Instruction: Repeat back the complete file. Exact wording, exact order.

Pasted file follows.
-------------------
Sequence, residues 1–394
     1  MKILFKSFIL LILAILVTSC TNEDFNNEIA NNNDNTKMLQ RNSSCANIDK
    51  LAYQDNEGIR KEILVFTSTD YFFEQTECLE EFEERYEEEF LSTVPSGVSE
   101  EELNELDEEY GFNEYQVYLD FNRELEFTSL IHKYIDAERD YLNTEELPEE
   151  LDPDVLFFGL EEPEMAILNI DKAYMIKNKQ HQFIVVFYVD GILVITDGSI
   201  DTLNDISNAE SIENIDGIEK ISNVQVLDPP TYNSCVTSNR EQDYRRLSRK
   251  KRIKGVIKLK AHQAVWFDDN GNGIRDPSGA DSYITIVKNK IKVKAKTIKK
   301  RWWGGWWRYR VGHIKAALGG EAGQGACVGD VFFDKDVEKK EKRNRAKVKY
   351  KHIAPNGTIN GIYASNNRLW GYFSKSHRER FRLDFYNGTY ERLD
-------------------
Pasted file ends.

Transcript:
Sequence, residues 1–394
     1  MKILFKSFIL LILAILVTSC TNEDFNNEIA NNNDNTKMLQ RNSSCANIDK
    51  LAYQDNEGIR KEILVFTSTD YFFEQTECLE EFEERYEEEF LSTVPSGVSE
   101  EELNELDEEY GFNEYQVYLD FNRELEFTSL IHKYIDAERD YLNTEELPEE
   151  LDPDVLFFGL EEPEMAILNI DKAYMIKNKQ HQFIVVFYVD GILVITDGSI
   201  DTLNDISNAE SIENIDGIEK ISNVQVLDPP TYNSCVTSNR EQDYRRLSRK
   251  KRIKGVIKLK AHQAVWFDDN GNGIRDPSGA DSYITIVKNK IKVKAKTIKK
   301  RWWGGWWRYR VGHIKAALGG EAGQGACVGD VFFDKDVEKK EKRNRAKVKY
   351  KHIAPNGTIN GIYASNNRLW GYFSKSHRER FRLDFYNGTY ERLD